Prevention and non-surgical management of pelvic floor dysfunction: summary of NICE guidanceBMJ 2022; 376 doi: https://doi.org/10.1136/bmj.n3049 (Published 06 January 2022) Cite this as: BMJ 2022;376:n3049
- Nicola Adanna Okeahialam, clinical fellow and urogynaecology research fellow1 2 3,
- Katharina Dworzynski, guideline lead1,
- Paul Jacklin, senior health economist1,
- Doreen McClurg, topic adviser and professor of physiotherapy and pelvic floor rehabilitation4
- on behalf of the Guideline Committee
- 1National Guideline Alliance, Royal College of Obstetricians and Gynaecologists, London, UK
- 2Croydon University Hospital, UK
- 3St George’s University, London, UK
- 4Glasgow Caledonian University, Glasgow, UK
- Correspondence to N Okeahialam
What you need to know
Modifications to lifestyle, such as increasing physical activity, having a healthy diet, losing weight, stopping smoking, and controlling diabetes can help prevent and treat symptoms of pelvic floor dysfunction
Encouraging women to start and continue training of the pelvic floor muscles in the long term can help prevent and treat symptoms
Pelvic floor muscle training is an effective option to treat symptoms of pelvic floor dysfunction in women with pelvic organ prolapse, urinary incontinence, and faecal incontinence
Pelvic floor dysfunction is a complex condition that is associated with urinary incontinence, emptying disorders of the bladder, pelvic organ prolapse, sexual dysfunction, chronic pelvic pain, faecal incontinence, and emptying disorders of the bowel.12 Approximately five million women in the UK have experienced pelvic floor dysfunction.3 Age has an important effect, as 6% of women in their 20s experience symptoms, with this increasing to 40% of women in their 60s.4 These symptoms can have a notable impact on quality of life. In July 2020, the Independent Medicine and Medical Devices Safety Review highlighted the major complications women faced after surgical management with pelvic mesh.5 Preventive and non-surgical strategies can reduce the number of women developing severe symptoms and needing invasive treatment.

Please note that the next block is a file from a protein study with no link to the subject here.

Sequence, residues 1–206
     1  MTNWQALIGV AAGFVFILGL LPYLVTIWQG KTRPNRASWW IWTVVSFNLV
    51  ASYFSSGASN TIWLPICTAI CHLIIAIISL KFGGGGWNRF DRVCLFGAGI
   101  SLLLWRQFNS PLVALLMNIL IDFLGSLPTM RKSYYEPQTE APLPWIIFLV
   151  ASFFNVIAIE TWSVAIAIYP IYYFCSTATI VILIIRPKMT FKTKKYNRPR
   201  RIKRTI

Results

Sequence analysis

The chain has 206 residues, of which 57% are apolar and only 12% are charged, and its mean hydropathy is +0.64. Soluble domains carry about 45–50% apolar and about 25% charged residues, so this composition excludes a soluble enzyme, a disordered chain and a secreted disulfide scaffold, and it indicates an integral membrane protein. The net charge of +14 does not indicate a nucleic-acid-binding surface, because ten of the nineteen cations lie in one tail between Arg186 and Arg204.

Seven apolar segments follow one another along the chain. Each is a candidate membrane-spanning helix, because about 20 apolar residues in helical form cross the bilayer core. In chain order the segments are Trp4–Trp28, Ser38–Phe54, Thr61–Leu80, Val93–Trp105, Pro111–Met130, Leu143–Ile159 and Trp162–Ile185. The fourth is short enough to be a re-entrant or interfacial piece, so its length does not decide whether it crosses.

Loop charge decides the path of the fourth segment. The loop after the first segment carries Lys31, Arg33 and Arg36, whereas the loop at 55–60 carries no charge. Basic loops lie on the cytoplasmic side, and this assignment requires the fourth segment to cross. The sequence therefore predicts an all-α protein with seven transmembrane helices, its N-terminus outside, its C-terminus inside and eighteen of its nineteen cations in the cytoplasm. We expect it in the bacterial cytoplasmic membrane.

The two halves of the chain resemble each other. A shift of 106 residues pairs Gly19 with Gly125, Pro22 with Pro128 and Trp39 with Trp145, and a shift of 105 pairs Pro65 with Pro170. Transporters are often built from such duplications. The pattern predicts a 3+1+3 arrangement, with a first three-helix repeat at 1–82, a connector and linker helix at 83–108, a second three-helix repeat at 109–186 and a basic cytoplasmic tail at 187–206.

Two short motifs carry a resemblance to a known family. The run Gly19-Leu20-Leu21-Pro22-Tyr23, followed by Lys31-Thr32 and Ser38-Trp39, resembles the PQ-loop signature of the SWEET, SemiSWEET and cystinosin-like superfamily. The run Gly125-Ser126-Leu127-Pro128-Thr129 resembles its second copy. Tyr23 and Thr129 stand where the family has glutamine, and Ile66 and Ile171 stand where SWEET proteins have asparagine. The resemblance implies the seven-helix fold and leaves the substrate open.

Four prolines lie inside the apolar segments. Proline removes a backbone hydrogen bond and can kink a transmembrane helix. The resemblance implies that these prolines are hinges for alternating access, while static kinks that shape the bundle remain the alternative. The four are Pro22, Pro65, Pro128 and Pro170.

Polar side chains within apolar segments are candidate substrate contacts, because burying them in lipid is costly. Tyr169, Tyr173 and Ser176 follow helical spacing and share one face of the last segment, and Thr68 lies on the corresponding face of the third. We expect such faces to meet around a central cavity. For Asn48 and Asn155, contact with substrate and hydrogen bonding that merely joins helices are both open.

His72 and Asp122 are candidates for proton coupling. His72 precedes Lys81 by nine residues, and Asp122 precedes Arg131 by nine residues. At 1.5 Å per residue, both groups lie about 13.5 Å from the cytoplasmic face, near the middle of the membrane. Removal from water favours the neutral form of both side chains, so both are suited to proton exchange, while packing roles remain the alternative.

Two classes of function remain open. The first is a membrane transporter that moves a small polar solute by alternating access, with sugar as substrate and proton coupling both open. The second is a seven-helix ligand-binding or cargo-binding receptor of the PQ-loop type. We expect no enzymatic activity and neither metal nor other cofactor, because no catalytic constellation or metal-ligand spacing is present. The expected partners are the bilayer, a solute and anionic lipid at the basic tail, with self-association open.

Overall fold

This article summarises the most recent recommendations from the National Institute for Health and Care Excellence (NICE) guideline on pelvic floor dysfunction: prevention and non-surgical management. The guideline applies to women aged 12 and older.6 It uses the term “women” throughout, but this should be taken to include those who do not identify as women but who have female pelvic organs.
What’s covered in the guideline?
Strategies to prevent pelvic floor dysfunction
Non-specialist care options for the management of pelvic floor dysfunction
Symptom based referral criteria for supervised pelvic floor muscle training
NICE recommendations are based on systematic reviews of best …